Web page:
2. Designated Persons: A second category is people who have not been convicted at trial, but have been designated as targets by police because they have assisted in the illegal transfer or acquisition of relevant controlled accounts. They may be designated if they (1) provided 3 or more controlled accounts (2) provided controlled accounts 3 or more times, or (3) provided controlled accounts to 3 or more people. Those who fake identities or agency relationships to facilitate the illegal transfer or acquisition can also be designated, and the “3 or more” volume requirements above can all be waived where the harm caused was substantial.

The type and duration of discipline measure applied can vary by the category of the target and severity of the offense:

Convicts are subject to the Financial and Network discipline measures above, for a period of 3 years. Those that were sentenced to prison, may also be subject to the Credit penalties above.

Designated Persons are also subject to Financial and Network discipline measures, but only for a two-year period. Credit discipline measures may be applied where controlled financial accounts (bank, payment system, or digital RMB) are involved.

Conclusion

There is no question that telecom fraud is a serious problem in China, and one that impacts and angers large numbers of citizens. It is no surprise that the government is eager to stop it, The real name registration system is intended to make all online misconduct easily traceable back to a party that can be held responsible. Clearly, it has not been entirely successful, or these draft provisions on stopping those who circumvent it wouldn’t be necessary.

The problem is that while the various types of controlled payment, communication, and web accounts are all tools of the criminal trade, they are also the tools of normal, lawful, daily life. Restricting scammers’ access to such tools for a time is reasonably connected to their offense and may lower the risk of recidivism, but it may also impact their ability to integrate normally with society.

These tools and accounts have become an essential part of modern life, and cutting people out off from them may alienate them even more than intended. We can see that the draft provisions attempt to address this with exceptions in the discipline measures allowing discipline targets to maintain a single phone line etc., but limits on online payment remain severe.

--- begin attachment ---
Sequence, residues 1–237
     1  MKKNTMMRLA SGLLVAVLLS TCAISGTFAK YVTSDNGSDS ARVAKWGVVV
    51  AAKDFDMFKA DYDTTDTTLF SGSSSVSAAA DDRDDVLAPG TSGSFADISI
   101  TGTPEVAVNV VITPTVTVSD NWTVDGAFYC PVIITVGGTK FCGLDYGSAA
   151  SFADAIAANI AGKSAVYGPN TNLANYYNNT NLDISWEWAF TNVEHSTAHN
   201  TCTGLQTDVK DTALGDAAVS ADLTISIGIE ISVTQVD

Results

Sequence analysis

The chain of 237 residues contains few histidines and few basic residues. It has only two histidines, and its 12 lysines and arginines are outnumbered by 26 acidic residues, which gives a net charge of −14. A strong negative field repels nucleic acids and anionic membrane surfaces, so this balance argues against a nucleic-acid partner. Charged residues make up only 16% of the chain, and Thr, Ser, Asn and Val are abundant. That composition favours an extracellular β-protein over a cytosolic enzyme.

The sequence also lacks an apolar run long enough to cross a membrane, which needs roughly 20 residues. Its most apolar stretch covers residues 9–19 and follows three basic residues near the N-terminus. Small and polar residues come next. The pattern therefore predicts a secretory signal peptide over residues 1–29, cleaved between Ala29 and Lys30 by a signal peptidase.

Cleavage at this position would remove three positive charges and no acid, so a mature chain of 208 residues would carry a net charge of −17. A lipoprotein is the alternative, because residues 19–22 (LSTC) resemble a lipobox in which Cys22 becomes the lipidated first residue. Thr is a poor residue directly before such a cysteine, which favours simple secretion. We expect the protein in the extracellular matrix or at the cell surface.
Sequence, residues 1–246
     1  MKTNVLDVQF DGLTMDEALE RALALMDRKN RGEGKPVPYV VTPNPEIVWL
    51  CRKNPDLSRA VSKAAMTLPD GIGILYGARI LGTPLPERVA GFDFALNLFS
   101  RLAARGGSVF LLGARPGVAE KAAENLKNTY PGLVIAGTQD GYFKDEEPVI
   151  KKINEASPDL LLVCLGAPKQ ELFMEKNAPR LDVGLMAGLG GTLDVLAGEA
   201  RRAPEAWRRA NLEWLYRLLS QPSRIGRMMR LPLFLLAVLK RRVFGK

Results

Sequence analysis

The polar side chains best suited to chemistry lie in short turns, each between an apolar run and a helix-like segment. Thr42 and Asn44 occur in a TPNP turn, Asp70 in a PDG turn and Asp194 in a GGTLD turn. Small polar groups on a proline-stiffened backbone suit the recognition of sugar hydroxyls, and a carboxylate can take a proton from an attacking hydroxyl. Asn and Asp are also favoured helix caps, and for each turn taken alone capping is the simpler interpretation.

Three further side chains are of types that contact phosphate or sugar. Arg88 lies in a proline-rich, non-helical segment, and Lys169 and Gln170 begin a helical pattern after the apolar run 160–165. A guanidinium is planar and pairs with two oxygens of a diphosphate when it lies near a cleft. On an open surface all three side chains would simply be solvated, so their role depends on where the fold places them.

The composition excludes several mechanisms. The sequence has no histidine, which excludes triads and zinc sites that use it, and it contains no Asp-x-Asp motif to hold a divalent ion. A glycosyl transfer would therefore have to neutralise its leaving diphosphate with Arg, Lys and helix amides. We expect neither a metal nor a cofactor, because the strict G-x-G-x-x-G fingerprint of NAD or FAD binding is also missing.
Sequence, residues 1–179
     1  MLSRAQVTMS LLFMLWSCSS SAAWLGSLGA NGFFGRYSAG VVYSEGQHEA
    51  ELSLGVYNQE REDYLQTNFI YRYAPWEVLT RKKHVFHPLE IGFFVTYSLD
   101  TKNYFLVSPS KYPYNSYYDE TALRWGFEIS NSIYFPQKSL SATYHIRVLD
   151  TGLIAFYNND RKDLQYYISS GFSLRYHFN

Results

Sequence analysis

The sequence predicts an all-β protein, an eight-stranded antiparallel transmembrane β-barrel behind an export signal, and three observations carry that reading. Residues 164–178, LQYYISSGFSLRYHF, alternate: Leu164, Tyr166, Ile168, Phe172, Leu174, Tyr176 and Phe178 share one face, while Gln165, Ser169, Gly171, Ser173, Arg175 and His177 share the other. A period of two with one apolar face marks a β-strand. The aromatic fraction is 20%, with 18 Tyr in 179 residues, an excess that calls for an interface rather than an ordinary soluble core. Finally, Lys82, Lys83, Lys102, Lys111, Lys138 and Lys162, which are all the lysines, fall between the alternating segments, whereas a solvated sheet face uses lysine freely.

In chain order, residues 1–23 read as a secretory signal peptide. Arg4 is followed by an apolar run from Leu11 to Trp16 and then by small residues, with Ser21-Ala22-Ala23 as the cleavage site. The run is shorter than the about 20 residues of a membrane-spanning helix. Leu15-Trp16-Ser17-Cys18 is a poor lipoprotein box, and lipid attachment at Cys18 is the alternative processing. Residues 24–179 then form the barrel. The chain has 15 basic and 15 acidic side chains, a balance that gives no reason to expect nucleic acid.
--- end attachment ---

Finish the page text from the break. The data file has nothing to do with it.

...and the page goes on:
As to  ‘Designated Persons’ the police gain a vast new power that is all too easily abused. Entirely outside of the court system or other external check,  police can designate someone as a discipline target, largely blocking them from modern payment systems.  An objection and appeal procedure is provided, but that must also go through the police. This is no surprise as it was the Ministry of Public Security that created this draft.

Hopefully, further protections will be added as the drafting process goes forward- at the very least mentioning a right to appeal a designation to a court.

 

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Jeremy Daum is a Senior Fellow of the Yale Law School Paul Tsai China Center, based in Beijing, with over a decade of experience working in China on collaborative legal reform projects. His principal research focus is criminal procedure law, with a particular emphasis on protections of vulnerable populations such as juveniles and the mentally ill in the criminal justice system, and is also an authority on China’s ‘Social Credit System’. Jeremy has spoken about these issues at universities throughout China and in the U.S.; and has co-authored a book on U.S. Capital Punishment Jurisprudence for Chinese readers. He is also the founder and contributing editor of the collaborative translation and commentary site Chinalawtranslate.com, dedicated to improving mutual understanding between legal professionals in China and abroad.
He translates, writes, edits, does web-design, graphic design, billing, tech support, and social media outreach for China Law Translate.